• Becoming “wards of the league” two weeks later when Goins and his co-owner brother suspend operations – and team radio broadcasts;
  • New ownership, team name, logo, colors – and a surprising second-place regular season finish in 1997;
  • Losing home-field playoff advantage due to a scheduling conflict, and ultimately an early exit from a potential title run; AND
  • The abrupt folding of the venerable San Diego Sockers just days before the 1997 season that foreshadowed the CISL’s demise later in the year.

This week’s episode is sponsored by Podfly and Audible.

EPISODE #35: National Soccer Hall of Famer Paul Child

Former NASL, MISL, CISL (and even ASL) soccer great Paul Child becomes the fifth National Soccer Hall of Famer to join the podcast – and regales host Tim Hanlon with a bevy of eyebrow-raising anecdotes from a 25+ pro career as a player and coach across teams and leagues in both the outdoor and indoor versions of the game, including: 

  • Taking a chance to get first-team play as a 19-year-old via loan with the Atlanta Chiefs in the fragile 1972 North American Soccer League;
  • Learning to love the narrow confines and uniquely spray-painted burgundy and black penalty areas of San Jose’s Spartan Stadium;
  • Laying carpet for and dodging chicken wire during the NASL’s primitive inaugural indoor tournament in San Francisco’s Cow Palace in 1975;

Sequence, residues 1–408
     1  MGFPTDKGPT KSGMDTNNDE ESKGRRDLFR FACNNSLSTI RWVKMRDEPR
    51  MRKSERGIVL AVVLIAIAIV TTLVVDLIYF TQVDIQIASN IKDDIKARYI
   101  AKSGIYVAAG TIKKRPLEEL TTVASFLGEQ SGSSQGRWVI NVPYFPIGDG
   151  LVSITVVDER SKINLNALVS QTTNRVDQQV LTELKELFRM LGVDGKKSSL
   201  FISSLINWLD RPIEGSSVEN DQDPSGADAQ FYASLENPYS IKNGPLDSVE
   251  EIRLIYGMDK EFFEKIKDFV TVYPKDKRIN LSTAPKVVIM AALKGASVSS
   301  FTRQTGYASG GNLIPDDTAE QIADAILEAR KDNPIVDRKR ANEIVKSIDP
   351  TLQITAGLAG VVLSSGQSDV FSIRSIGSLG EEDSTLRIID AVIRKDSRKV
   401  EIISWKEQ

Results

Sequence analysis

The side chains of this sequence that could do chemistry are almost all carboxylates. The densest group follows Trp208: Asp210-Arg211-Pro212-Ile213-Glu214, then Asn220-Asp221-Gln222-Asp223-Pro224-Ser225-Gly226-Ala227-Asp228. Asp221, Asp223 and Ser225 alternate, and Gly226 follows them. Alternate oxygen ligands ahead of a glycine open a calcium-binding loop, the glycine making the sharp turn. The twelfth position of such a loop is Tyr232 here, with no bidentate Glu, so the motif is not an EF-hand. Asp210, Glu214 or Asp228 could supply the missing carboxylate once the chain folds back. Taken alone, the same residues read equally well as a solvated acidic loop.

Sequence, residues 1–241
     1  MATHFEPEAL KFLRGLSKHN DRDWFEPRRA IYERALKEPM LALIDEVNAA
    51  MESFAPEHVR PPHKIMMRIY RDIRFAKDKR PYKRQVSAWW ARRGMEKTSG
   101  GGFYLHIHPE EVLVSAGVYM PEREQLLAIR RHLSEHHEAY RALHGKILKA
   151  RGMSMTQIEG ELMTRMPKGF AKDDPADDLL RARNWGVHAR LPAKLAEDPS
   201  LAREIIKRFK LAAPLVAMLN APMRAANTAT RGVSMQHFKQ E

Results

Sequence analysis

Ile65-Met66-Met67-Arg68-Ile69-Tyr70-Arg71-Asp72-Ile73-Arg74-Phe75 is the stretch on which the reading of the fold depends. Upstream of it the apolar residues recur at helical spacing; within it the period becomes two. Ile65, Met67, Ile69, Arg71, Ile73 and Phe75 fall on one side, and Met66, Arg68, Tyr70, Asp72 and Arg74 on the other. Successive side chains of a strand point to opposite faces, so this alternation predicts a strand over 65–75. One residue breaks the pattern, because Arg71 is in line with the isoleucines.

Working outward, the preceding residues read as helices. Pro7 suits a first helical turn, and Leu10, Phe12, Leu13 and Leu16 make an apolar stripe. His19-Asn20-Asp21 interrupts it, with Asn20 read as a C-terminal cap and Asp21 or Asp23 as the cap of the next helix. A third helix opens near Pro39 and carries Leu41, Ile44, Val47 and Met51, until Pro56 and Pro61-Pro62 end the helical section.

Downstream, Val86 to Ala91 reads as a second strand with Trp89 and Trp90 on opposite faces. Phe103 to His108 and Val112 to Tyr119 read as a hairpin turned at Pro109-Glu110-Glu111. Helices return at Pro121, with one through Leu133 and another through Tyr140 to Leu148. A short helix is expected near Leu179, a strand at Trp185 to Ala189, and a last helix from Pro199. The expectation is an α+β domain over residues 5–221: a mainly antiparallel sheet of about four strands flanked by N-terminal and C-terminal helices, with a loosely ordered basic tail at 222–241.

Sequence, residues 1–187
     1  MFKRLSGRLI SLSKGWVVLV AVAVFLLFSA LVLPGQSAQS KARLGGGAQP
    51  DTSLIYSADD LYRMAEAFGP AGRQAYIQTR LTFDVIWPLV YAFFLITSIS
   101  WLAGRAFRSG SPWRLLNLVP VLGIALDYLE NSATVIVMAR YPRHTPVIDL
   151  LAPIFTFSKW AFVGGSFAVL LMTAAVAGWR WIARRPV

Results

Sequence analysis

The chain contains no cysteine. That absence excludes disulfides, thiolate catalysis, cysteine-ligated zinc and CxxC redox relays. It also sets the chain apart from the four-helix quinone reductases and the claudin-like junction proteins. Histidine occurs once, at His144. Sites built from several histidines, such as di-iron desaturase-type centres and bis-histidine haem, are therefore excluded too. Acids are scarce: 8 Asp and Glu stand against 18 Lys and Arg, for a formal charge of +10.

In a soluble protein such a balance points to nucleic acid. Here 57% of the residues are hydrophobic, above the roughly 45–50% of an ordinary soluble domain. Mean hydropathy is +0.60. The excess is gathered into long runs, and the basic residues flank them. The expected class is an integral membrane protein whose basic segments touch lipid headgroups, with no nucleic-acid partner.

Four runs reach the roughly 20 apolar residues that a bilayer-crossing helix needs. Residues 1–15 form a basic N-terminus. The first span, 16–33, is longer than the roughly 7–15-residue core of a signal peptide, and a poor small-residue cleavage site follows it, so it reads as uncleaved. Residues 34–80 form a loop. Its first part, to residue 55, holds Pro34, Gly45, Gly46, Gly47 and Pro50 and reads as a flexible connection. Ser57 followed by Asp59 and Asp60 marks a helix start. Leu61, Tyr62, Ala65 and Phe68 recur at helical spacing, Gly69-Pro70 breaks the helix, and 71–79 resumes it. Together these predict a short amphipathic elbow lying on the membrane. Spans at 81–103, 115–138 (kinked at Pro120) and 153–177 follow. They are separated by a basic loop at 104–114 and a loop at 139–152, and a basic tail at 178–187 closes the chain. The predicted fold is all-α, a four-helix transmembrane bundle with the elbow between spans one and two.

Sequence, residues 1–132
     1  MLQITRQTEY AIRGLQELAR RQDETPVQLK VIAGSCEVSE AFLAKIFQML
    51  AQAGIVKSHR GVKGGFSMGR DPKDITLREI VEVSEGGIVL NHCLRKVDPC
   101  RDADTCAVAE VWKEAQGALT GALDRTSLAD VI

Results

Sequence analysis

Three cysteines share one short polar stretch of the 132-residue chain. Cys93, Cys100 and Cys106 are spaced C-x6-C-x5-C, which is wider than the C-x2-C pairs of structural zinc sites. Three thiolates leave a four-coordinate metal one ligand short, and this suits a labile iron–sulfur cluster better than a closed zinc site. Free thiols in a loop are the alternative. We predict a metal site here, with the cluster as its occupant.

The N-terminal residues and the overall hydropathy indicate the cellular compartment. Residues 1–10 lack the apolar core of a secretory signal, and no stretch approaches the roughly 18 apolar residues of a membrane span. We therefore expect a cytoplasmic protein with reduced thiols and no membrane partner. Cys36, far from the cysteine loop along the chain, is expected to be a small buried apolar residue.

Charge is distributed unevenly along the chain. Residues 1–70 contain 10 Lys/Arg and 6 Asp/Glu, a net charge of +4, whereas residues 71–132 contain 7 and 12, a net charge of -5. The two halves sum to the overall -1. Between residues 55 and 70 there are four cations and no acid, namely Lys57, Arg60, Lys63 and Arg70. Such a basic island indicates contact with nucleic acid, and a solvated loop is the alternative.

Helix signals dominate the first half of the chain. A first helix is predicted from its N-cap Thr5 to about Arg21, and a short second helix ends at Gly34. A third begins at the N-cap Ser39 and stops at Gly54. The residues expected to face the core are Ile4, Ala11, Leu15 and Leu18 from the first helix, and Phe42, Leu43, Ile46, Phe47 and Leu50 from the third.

• Wondering if sellout crowds in Atlanta’s Omni for Chiefs indoor games in the early 1980s were for spirited play, or cheeky promotions like “Who Shot J.R.?” night;
  • Taking the early 1980s Pittsburgh sports scene by storm – and regularly outdrawing hockey’s Penguins – with the MISL’s Spirit; and
  • Earning two caps for the US National Team – despite not being an actual American citizen!

This week’s episode is supported by our friends at Audible and Podfly!

EPISODE #31: Indoor Soccer’s Wichita Wings with Mike Romalis and Tim O’Bryhim

Wichita, Kansas natives Mike Romalis and Tim O’Bryhim (Make This Town Big: The Story of Roy Turner and the Wichita Wings) join host Tim Hanlon to talk about their current book – and upcoming documentary – focused on the improbable story of the Major Indoor Soccer League’s smallest-market (Nielsen-ranked #66) club that became the first major league professional sports team in Kansas history.  The MISL’s Wichita Wings defied conventional logic, as world-class soccer players from places like England, Denmark, Argentina, and Ecuador enthralled jam-packed Kansas Coliseum crowds with a fiery brand of play that made them a perennial playoff contender and one of the league’s most successful franchises – replete with a veritable “Orange Army” of rabid fans that became the envy of their big-city rivals across the league. 

Thank you to Audible and Podfly for their support of this episode!

Make This Town Big: The Story of Roy Turner and the Wichita Wings - buy book here

EPISODE #29: The American Soccer League’s Cincinnati Comets with Writer/Photographer Ronny Salerno

While the meteoric rise of the United Soccer League’s FC Cincinnati franchise caught many pro sports observers by surprise, keen observers of soccer’s unique history in the Queen City note that the foundation of the team’s current success actually dates back to 1972, when an ambitious little club called the Cincinnati Comets won the American Soccer League championship in the team’s inaugural season. Cincinnati writer/photographer/native Ronny Salerno (The Extraordinary Story of the Cincinnati Comets; Fading Ads of Cincinnati) joins Tim Hanlon to delve into the curious story of this surprisingly notable squad, whose motley cast of characters included: